The Two-State Solution
Over a decade has gone by since the last major attempt to achieve a two-state solution, two decades since the height of the Israeli-Palestinian peace process. Israel has been led mostly by a series of hardline governments and ongoing settlement activity may have made the situation irreversible. The Palestinians, who have rejected every possible deal, appear hopelessly divided between the West Bank and Gaza and mired in their own endless dysfunctionality.
The West Bank and Gaza
Ever since Gaza split off from the West Bank and came under Hamas control in 2007, Hamas has succeeded in making a terrible situation even worse. Three major military confrontations, numerous smaller ones and gross mismanagement, have left Gaza in a shambles, its people desperately poor and despairing of any possibility for a better future.
Repeated attempts to promote reconciliation and reunification between the West Bank and Gaza have all failed. Hamas is a radical, fundamentalist Islamist organization, bent on Israel’s destruction. Fatah, the primary player in the Palestinian Authority, is a more moderate and secular actor, ostensibly committed to a-state solution, although its leaders have also taken hardline positions and rejected the dramatic peace proposals at Camp David and under the Clinton Parameters in 2000 and the Olmert Plan in 2008.
Until the Palestinians reunite under one government, a final peace is not possible, regardless of the positions of the government in Israel. President Abbas does not speak for both halves of the putative Palestinian state and can thus not meet Israel’s ultimate, bedrock, demand: that any agreement signed put a complete and final end to the conflict and that there be no further claims in the future.
Demography has become a primary consideration in Israeli national security thinking, at least since the 1990s. Prime Minister Rabin explained his concessions under the Oslo Agreement by stating that “we prefer a Jewish state to a binational state”. Prime Minister Sharon spoke of the “demographic reality that has been created on the ground” and of the need to ensure Israel’s future as a Jewish and democratic state, as a means of justifying the unilateral withdrawal from Gaza in 2005. Prime Minister Olmert went further, stating that “Israel is finished” if a two-state solution is not achieved. Even Prime Minister Netanyahu has expressed concern over demographic trends and the possibility of a binational state.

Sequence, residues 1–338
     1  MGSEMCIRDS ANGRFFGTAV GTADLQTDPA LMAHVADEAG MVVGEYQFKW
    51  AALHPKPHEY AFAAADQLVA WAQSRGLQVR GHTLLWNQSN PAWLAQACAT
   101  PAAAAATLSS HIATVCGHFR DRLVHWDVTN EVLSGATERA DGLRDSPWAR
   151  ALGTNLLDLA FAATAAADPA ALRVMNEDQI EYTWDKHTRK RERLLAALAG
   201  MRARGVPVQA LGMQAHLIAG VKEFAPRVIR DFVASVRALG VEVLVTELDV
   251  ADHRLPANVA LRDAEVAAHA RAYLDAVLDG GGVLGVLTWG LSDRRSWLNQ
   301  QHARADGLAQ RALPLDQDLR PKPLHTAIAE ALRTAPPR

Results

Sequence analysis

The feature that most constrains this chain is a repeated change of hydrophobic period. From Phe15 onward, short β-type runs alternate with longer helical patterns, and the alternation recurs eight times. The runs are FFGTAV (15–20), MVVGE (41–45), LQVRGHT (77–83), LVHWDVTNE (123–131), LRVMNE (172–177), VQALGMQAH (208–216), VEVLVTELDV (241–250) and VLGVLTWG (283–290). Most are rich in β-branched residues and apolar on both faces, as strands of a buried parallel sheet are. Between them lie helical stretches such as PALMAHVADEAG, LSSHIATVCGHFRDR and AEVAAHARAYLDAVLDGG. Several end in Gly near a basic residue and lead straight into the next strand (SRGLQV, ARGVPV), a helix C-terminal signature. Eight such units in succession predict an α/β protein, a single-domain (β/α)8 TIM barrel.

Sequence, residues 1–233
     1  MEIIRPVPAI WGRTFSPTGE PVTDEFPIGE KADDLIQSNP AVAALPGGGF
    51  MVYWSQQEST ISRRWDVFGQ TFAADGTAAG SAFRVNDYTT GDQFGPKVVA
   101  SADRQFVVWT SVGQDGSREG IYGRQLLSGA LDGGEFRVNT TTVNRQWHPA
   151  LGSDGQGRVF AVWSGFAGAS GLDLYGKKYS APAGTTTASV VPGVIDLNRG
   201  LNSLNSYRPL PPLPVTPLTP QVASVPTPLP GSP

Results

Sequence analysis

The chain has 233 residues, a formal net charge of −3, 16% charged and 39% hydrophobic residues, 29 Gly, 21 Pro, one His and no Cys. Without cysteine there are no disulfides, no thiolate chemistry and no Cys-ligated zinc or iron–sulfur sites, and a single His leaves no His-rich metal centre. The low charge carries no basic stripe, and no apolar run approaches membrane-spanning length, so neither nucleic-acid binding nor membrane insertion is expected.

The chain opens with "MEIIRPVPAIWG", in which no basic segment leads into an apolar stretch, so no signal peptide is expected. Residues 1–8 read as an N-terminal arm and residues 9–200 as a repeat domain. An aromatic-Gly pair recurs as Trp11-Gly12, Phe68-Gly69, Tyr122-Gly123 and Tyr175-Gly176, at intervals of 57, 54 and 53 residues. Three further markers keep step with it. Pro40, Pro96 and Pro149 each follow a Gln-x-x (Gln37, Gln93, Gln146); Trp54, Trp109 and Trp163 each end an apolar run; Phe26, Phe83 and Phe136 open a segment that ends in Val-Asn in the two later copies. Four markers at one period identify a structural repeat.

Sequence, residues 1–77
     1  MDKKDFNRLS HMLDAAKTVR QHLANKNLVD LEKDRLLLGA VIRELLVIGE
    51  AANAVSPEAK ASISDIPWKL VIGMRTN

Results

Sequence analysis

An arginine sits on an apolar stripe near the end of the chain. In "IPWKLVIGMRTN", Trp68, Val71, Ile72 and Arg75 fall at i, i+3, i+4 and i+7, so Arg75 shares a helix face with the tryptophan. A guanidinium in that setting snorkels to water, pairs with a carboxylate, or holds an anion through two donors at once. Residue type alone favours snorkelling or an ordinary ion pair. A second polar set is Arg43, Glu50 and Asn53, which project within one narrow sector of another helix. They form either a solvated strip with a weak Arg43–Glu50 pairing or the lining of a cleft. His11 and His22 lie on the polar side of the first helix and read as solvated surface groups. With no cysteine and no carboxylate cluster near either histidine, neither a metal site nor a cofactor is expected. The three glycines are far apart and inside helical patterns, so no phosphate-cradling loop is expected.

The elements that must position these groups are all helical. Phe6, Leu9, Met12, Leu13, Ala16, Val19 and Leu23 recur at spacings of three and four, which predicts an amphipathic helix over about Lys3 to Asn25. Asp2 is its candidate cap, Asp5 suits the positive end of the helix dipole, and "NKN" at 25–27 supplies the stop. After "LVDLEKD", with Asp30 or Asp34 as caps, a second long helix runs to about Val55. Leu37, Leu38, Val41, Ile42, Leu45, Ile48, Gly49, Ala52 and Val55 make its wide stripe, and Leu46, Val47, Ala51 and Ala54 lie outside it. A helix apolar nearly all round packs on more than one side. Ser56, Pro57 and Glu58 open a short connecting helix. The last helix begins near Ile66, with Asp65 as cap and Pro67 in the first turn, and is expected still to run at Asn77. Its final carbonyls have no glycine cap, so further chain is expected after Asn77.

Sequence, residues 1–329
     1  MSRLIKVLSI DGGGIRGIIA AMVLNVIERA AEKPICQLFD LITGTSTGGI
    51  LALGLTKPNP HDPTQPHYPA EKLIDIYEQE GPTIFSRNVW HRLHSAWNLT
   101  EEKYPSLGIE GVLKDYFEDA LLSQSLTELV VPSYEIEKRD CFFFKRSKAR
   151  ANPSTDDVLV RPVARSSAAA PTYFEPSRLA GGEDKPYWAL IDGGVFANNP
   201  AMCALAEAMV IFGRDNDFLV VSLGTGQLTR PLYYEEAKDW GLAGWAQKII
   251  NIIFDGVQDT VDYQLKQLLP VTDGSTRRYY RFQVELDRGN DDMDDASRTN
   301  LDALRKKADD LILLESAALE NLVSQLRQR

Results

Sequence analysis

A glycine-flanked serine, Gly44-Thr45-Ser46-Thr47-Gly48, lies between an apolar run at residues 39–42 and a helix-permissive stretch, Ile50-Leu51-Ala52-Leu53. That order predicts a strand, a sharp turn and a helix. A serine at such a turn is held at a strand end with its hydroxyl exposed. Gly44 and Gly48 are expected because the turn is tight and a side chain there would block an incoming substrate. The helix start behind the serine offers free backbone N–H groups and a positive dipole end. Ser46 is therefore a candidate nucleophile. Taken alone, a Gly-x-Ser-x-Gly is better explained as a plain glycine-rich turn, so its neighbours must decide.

Had it not been for the unilateral withdrawal from Gaza, the combined populations of Israel, the West Bank and Gaza would already have an Arab majority. In Israel and the West Bank alone, Jews make up only about 60% of the combined population, hardly a Jewish state by any definition. Given relatively high Jewish birth rates in Israel and, conversely, plummeting Palestinian birthrates, the good news is that this ratio remains relatively constant until 2060, about as far as current demographic projections go. This is also the bad news.
The American Role
For decades, the Mideast peace process was led by the US and was a primary focus of US-Israeli relations. Peace with Egypt and Jordan was achieved with active American leadership. The US also played a leading role in the highly advanced, if ultimately unsuccessful talks with the Palestinians and Syrians in the 1990s and early 2000s.
Under the Obama and Trump administrations, the US has engaged in brief spurts of heightened involvement, but not persistent efforts at peacemaking. The Kerry initiative, under President Obama, placed much of the onus on Israel, but failed to elicit more forthcoming Palestinian positions. President Trump has placed the onus on the Palestinians and adopted an entirely one-sided approach, designed to pressure them into making concessions, but which has just led them to adopt even more hardline positions.
The “Trump peace plan” ostensibly provides for a two-state solution, but also for Israeli annexation of 30% of the West Bank and all of the settlements. Many fear that an Israeli decision to act on the license given it by the Trump plan and actually annex parts of the West Bank, will spell the end of the prospects for peace with the Palestinians and lead to a collapse of the peace treaties with Egypt and especially Jordan.
Is There Hope for a Two-State Solution?
In these circumstances, many have come to despair of achieving peace at all and especially of a two-state solution. Among both left-wing circles in the US and international community, and hard right circles in Israel, all the rage today is talk of a one-state solution, even if the meanings they attach to this term are diametrically different.
Is a two-state solution still possible, and if not, what really are the consequences for Israel? Are there realistic alternatives? The ramifications for Israel’s military strategy and Israeli foreign policy could not be more consequential.
- Contours of a two-state solution
- The two sides’ positions on the primary issues
- Bridging options
- Demographic trends
- Alternative solutions
- Why a two-state solution remains the only solution.
Join me for a riveting and deeply disturbing talk about the future of Israeli-Palestinian peace. Nothing less than Israel’s future as a secure, predominantly Jewish and vibrantly democratic state, is on the line.
- Is a Two-State Solution Still Viable?
- How to Achieve a Two-State a Solution: All the Issues in 60 Minutes
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